Kempinski Grand Hotel Heiligendamm
The Kempinski Grand Hotel is a fabulous resort in an incredible location- and truly unique in all of Europe. As a Leading Hotels of the World- a group known for impeccable service and ultimate luxury- it’s no surprise that a recent G-8 gathering took place here. (Don’t let the fact that George Bush stayed here scare you away- I assure you that all negative energy has since been cleared...)
The resort is the first and oldest in Europe, and it’s literally a stone’s throw from incredible beaches, set in a truly idyllic setting backed by a thick green forest. The six large buildings on the hotel grounds hold not only beautiful deluxe rooms, but a gourmet restaurant, lounge, bar with terrace, and a large pool, sun deck, and spa.
Speaking of spas, the Kempinski Grand’s is impressive, with everything you’d expect from a resort whose goal is "to revive the legendary reputation of Heiligendamm as the world’s best sea spa." Engraved above the pillars of the Kurhaus, the only temple by the sea, are the words "Happiness receives you here after you have taken a health-giving bath" (in Latin), which seems fitting given my experience. Non-spa-goers have no need to worry however- you’ll find plenty to do. Aside from the history and architecture all around, there’s fabulous dining on site, nearby water sports and a nine-hole golf course, and everything else you’d expect from a top spa resort.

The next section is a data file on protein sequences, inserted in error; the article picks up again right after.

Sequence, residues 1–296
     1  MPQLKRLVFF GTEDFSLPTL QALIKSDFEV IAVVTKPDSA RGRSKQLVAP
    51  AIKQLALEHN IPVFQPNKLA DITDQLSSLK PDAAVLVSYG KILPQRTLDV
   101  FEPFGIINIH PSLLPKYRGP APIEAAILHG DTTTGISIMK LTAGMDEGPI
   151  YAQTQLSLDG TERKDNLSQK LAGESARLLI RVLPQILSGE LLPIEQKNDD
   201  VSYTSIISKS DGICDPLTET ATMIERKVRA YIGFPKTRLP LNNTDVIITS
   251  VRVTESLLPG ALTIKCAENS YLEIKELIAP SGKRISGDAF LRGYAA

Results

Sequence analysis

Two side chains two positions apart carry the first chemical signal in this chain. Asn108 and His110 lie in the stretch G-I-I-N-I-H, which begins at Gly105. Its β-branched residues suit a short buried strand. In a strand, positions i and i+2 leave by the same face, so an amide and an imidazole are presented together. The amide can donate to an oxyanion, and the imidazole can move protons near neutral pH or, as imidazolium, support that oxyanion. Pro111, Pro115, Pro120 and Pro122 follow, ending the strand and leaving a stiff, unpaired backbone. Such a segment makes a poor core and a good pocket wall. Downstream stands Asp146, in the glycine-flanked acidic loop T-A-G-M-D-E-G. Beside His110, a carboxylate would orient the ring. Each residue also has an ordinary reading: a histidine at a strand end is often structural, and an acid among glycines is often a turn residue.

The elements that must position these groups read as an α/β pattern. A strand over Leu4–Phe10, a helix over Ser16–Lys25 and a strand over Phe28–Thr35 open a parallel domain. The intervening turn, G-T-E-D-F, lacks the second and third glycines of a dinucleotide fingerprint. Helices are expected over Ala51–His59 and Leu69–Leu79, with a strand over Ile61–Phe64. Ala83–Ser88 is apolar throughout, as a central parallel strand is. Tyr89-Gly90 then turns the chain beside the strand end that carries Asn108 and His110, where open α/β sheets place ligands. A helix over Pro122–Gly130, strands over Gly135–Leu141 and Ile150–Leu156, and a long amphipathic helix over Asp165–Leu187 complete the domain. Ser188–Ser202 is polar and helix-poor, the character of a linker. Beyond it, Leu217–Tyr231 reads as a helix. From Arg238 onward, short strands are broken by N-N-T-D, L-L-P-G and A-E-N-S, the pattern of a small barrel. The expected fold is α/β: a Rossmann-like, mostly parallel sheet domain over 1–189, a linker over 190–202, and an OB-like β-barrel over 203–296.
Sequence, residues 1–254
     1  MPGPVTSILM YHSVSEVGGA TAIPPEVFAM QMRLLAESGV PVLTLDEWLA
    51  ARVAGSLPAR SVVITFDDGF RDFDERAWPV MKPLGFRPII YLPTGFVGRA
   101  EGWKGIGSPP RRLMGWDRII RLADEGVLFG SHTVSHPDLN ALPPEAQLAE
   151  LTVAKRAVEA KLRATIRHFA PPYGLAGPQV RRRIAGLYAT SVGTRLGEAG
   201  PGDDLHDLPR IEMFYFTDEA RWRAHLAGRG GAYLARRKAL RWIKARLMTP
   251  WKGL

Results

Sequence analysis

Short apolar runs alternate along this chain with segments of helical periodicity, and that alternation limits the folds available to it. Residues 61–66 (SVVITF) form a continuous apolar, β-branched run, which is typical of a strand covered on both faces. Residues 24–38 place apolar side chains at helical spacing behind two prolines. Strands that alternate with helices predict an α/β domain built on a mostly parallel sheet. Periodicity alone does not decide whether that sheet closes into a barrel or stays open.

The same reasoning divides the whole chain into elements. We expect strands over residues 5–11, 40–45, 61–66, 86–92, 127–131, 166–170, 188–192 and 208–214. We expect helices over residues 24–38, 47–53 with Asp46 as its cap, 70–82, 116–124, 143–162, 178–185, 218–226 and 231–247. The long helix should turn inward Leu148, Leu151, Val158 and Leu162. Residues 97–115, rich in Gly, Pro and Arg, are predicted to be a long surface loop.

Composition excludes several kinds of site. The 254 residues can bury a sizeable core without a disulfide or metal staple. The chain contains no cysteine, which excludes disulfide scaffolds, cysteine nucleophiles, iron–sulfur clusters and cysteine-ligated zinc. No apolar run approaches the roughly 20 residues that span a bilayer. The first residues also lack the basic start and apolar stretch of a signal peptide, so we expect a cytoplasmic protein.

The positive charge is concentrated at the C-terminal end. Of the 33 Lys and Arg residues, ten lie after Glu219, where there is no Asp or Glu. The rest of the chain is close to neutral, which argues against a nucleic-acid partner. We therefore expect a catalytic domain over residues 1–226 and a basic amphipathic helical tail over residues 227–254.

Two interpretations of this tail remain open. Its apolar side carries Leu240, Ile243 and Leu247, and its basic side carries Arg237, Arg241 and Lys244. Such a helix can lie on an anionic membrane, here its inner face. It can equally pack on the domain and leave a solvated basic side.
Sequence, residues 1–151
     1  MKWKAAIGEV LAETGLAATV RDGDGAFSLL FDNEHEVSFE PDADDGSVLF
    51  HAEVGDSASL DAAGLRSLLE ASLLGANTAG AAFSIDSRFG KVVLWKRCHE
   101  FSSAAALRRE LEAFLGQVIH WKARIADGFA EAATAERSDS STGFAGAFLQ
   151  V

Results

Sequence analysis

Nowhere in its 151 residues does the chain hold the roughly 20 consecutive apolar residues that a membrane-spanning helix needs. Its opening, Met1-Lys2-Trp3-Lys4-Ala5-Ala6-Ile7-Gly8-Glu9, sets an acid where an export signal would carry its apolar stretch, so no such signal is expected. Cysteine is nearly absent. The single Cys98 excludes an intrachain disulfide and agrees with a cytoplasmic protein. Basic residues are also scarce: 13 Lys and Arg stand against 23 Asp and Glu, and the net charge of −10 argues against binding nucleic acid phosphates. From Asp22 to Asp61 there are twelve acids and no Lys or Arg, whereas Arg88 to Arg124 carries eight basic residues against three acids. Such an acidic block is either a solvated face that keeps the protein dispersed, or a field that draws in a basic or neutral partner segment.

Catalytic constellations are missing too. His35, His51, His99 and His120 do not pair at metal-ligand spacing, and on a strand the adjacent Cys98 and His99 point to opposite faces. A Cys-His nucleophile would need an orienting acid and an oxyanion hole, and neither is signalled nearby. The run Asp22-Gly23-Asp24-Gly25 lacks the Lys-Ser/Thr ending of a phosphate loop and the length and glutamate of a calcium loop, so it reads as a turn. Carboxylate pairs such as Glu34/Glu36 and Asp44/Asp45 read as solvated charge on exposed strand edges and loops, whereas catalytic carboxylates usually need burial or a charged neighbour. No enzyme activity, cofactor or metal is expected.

From glamour to gray, and back to glamour
The history surrounding the Kempinski Grand- and neighboring town- is also fascinating, and worth knowing before you visit. As the oldest German seaside resort on the Baltic coast, Heiligendamm was born as an elegant meeting place of the nobility and other members of high society. Most of the gorgeous Classicist buildings along the central promenade- which used to be private villas of the very wealthy- are still standing, and the stunning seaside manors make for an incredible walk along the beach. Sadly, the majority of these grand homes have fallen into disrepair. And while it’s fascinating to peer in the windows and see the peeling wallpaper and cracked ceilings, with just a bit of imagination- and a lot of money- these places could sparkle again.
The houses’ former beauty is clearly apparent, barely hidden under the surface of a depressing socialist whitewash (or more accurately, gray-wash). Their potential is evident however; I found myself yearning to solicit the help of investors and celebs to restore these magnificent buildings to the glamorous icons of their past. They could easily be renovated and transitioned into vacation rentals, condos, and private homes, provided the tourists continue to come- or perhaps if someone can convince Sharon Stone and Francis Ford Coppola to buy one of the properties for a nice little summer home!
For more info :: http://www.Kempinski-Heiligendamm.com